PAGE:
By Jesse Wood
Jan. 2, 2013. The recent 100+ mph winds that broke records atop Grandfather Mountain and killed a cow in Bethel a few days before Christmas also damaged six billboards in Watauga County.
Now, a damaged billboard isn’t usually such a big deal. However, a billboard damaged to the point of replacement is a big deal because of the Watauga County sign ordinance amended in 2009 that doesn’t allow any new advertising signs to be permitted ever again.
N.C. Department of Transportation Technician Brandon Greer drove around the High Country today inventorying the structures and taking photographs. He found six billboards that appeared to be damaged.
Five of those structures were on the ground with possible pole damage and one had face damage, Greer said. All six were wooden-pole structures, which are much more susceptible to damage than the steel-beam or monopole structures.
If the billboards are damaged beyond a certain percentage, they must be replaced, according to NCDOT regulations, and therefore wouldn’t be allowed to be resurrected in Watauga County. Greer said he won’t know the extent of the damage until he performs some calculations, but he added that no damaged billboards have fallen prey to the amended ordinance since it was enacted in 2009.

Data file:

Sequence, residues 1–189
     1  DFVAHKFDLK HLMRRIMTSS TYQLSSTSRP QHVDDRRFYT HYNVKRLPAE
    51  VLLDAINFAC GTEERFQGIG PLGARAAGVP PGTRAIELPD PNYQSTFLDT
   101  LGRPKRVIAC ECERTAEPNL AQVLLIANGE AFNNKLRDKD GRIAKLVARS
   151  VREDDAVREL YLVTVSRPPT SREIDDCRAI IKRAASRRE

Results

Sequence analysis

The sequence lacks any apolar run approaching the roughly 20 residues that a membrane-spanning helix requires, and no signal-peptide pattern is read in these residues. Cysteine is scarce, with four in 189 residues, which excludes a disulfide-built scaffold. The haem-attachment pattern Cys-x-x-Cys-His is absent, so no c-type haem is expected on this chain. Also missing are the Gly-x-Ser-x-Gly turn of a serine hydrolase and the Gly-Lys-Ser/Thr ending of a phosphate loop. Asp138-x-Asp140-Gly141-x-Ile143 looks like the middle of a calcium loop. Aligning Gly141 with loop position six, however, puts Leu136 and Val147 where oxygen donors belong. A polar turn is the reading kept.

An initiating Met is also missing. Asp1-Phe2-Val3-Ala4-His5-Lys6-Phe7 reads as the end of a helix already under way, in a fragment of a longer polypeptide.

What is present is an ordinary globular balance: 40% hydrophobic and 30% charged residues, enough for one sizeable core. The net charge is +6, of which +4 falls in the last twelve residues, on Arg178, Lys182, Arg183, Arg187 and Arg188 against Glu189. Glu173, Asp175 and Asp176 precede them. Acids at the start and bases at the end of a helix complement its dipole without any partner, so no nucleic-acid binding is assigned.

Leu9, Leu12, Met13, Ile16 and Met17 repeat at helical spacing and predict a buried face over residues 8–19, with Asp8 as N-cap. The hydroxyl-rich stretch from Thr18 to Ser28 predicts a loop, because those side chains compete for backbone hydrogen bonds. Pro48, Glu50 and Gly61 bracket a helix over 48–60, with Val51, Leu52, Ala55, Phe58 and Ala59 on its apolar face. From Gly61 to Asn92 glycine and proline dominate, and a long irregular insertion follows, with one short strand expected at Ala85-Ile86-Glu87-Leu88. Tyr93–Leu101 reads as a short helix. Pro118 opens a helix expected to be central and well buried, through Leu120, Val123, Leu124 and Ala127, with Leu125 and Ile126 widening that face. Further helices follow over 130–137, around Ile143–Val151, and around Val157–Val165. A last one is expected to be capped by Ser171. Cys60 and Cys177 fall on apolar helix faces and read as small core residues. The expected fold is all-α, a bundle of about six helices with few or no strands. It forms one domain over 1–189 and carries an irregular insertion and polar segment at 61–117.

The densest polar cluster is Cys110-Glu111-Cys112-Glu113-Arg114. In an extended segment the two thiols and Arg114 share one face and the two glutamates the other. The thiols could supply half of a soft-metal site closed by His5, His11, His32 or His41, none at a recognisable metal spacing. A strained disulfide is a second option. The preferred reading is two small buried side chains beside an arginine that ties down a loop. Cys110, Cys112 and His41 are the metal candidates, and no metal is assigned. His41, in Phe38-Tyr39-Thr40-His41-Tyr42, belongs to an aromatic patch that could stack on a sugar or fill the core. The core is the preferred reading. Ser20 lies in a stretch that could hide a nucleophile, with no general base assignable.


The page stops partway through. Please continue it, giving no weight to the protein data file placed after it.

Watauga County Planning and Inspections Director Joe Furman said his office has been looking into the damaged billboards today as well.
“Determining the percentage of the destruction is going to be the sticking point,” Furman said. “It’s possible, they will have to be removed, and we don’t allow new ones – unless the ordinance gets amended again.”
Lamar Outdoor Advertising has dozens of billboards in Watauga County and some of its billboards were among those that were damaged during the recent hazardous winter weather.
“I am not worried. None are damaged to that point,” Machut said, adding that, generally speaking, nine out of ten Lamar Outdoor Advertising billboards that are damaged are repaired in line with NCDOT regulations and don’t have to be replaced
He said that Lamar Outdoor Advertising has more than 1,500 billboards in between the High Country and Burlington, and if one goes down, he said he receives a phone call immediately from the landowner.
He mentioned that every year, the number of billboards diminishes because of ordinances and regulations and weather.
“The number is forever dwindling,” Machut said. “The landowners are in absolute fear of that happening. They need us.”
And in a place like the High Country, which has four-season weather that is sometimes dramatic, Machut said a thunderstorm in the spring and/or extreme winds in the winter are capable of taking out a billboard.
“It’s always a concern, but you can’t control the weather,” he said.
Below are photos by Ken Ketchie of fallen billboards in the High Country near Poplar Grove on N.C. 105, Tweetsie Railroad and Tanger Outlets on U.S. 321.